A:

The Bank of England (BoE) is responsible for the interest rate decisions that affect the economy of Great Britain. As with most central banks, the BoE uses interest rates, among other methods, to increase or decrease the supply of available bank loans needed for commercial or private funding. If the BoE increases interest rates, investors will usually receive higher returns on their deposits in British banks. Increased interest rates in Great Britain often result in the increased value of the British pound, because investors may seek to own pounds in order to obtain a higher rate of return than would be available in other countries. The converse is also true. Lowered interest rates in Britain may send investors to other countries in search of higher returns on their investments, which would then lead to the devaluation of the pound.

It is worth noting that all currencies are connected by globalization and do not function independently of each other. For example, if the Japanese yen is affected by an event in Japan, the effects may filter through to all currencies trading against the yen. If, for example, the yen strengthens against all currencies, the pound would weaken against the yen, even if the economic fundamentals in Britain favor a stronger pound. Valuations are highly dependent on currency flows, such as when the Bank of Japan buys yen across the board. Thus, such an event would temporarily affect the value of the pound, despite any news coming out of England.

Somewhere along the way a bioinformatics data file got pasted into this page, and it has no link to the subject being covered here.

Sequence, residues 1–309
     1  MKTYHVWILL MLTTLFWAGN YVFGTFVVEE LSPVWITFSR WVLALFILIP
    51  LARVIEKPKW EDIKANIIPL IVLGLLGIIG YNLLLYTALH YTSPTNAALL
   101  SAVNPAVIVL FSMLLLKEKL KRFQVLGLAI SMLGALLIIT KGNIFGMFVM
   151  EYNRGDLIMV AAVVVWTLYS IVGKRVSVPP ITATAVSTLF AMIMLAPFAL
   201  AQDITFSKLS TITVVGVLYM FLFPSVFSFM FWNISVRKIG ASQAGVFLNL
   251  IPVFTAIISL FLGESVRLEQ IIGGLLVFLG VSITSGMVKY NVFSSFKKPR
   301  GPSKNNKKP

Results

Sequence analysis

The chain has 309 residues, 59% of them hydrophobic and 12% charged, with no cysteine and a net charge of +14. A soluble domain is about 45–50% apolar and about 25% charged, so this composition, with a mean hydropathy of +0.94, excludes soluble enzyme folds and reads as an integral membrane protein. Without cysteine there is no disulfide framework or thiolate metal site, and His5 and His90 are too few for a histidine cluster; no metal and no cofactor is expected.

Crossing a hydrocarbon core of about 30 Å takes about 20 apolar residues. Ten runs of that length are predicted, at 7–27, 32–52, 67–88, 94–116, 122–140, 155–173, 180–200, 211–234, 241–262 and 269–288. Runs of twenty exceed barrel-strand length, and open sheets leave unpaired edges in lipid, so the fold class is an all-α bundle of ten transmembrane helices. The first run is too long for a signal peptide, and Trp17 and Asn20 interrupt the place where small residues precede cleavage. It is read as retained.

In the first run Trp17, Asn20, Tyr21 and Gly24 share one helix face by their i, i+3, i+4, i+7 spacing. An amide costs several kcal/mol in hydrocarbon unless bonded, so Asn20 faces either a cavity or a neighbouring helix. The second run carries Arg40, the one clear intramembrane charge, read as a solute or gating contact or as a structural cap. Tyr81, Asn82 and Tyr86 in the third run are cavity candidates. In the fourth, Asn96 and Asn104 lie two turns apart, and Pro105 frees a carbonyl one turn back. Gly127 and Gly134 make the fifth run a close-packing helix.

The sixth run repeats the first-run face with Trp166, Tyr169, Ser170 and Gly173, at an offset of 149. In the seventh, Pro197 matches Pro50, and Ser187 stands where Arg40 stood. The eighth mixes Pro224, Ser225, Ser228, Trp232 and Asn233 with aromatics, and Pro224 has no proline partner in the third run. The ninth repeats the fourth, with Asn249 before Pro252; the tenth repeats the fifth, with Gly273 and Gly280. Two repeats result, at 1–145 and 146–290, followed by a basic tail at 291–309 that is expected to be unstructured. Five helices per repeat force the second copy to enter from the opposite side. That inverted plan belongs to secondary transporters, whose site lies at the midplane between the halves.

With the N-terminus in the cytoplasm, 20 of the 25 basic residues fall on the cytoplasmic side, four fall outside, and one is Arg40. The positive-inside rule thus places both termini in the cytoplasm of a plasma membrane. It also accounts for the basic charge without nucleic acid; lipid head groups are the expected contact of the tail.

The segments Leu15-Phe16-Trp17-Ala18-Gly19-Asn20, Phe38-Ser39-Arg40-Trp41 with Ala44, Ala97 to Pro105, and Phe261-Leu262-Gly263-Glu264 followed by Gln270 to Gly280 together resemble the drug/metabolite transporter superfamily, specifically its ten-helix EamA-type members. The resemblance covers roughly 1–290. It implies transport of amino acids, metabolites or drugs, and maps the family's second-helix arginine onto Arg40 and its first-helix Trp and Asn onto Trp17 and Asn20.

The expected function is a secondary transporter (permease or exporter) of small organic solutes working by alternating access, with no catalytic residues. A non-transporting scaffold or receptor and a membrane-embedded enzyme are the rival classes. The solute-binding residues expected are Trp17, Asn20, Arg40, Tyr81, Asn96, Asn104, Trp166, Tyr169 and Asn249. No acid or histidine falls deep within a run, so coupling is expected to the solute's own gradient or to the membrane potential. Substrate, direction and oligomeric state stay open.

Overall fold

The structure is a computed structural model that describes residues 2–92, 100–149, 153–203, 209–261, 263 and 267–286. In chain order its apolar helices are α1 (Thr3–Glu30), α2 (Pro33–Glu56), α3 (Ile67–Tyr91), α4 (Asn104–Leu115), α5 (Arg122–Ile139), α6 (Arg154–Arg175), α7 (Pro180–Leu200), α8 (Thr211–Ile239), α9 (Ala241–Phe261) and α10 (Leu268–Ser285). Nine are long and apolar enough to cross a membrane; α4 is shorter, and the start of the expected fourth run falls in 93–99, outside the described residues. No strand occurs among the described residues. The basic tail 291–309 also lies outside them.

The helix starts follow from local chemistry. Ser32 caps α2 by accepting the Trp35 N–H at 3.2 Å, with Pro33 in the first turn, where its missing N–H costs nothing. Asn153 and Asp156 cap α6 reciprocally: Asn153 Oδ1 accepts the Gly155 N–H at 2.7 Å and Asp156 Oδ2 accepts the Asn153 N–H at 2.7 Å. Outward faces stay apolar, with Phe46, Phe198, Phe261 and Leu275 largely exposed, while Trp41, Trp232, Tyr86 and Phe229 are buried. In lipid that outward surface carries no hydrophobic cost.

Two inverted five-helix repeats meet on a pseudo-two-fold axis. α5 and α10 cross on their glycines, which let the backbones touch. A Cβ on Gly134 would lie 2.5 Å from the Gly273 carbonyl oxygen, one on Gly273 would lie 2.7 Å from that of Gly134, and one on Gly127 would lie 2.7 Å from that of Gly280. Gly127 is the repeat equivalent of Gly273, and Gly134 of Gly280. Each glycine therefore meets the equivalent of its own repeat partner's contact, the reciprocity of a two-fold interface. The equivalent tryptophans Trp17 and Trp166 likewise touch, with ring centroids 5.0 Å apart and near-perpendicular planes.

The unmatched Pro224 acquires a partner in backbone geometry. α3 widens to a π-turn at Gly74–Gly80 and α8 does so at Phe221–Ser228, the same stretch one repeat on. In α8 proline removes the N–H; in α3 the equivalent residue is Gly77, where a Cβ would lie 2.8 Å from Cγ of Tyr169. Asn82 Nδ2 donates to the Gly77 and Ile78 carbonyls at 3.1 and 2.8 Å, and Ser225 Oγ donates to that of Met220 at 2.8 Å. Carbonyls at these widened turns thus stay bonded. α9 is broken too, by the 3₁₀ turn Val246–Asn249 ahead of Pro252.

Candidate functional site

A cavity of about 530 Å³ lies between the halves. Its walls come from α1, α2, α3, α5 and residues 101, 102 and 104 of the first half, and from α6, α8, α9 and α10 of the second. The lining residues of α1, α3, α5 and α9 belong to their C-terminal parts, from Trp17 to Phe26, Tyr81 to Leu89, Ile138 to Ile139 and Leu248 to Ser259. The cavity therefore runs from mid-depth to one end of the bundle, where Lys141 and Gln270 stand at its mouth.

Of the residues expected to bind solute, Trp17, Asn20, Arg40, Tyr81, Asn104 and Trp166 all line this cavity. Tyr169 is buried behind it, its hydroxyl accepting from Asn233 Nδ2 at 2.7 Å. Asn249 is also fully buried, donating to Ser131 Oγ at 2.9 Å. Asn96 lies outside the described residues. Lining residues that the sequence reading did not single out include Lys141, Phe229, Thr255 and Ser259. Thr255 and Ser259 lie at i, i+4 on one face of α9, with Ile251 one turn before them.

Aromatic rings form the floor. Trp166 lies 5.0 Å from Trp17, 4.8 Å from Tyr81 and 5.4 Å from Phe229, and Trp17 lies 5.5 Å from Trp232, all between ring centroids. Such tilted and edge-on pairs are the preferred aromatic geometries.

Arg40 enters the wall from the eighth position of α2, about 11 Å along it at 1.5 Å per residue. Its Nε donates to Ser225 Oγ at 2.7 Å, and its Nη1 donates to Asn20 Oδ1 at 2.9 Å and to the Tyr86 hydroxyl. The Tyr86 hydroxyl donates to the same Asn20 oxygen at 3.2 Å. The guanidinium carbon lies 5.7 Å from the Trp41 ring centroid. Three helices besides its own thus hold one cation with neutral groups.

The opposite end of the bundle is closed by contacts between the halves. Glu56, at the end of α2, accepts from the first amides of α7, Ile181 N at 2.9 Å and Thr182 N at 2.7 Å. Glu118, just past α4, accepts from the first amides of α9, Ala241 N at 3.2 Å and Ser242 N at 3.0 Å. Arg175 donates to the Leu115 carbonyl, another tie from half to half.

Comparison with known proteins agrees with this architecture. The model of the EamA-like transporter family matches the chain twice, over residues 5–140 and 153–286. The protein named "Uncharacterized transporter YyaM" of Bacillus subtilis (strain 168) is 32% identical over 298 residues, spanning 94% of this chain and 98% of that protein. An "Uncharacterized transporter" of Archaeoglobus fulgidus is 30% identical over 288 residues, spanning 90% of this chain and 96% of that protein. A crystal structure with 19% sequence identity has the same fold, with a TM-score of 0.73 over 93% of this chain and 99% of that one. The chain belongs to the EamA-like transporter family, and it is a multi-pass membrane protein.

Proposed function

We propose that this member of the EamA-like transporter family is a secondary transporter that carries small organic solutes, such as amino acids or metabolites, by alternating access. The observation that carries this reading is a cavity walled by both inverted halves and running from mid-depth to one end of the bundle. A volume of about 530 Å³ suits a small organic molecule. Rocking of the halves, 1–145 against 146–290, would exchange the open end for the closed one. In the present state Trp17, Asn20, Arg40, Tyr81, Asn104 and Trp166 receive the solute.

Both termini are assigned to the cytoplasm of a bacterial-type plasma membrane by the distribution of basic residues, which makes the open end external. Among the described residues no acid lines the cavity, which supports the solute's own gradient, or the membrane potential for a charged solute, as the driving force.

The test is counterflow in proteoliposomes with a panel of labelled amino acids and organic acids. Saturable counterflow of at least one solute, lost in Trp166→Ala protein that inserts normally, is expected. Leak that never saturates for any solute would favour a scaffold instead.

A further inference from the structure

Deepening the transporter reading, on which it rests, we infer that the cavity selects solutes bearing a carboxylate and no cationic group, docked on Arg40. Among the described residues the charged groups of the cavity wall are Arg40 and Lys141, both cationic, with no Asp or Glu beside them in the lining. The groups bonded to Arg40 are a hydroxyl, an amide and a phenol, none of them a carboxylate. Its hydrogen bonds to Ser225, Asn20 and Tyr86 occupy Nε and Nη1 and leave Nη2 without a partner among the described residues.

For more on this topic, see Get to Know the Major Central Banks.

This question was answered by Selwyn Gishen.

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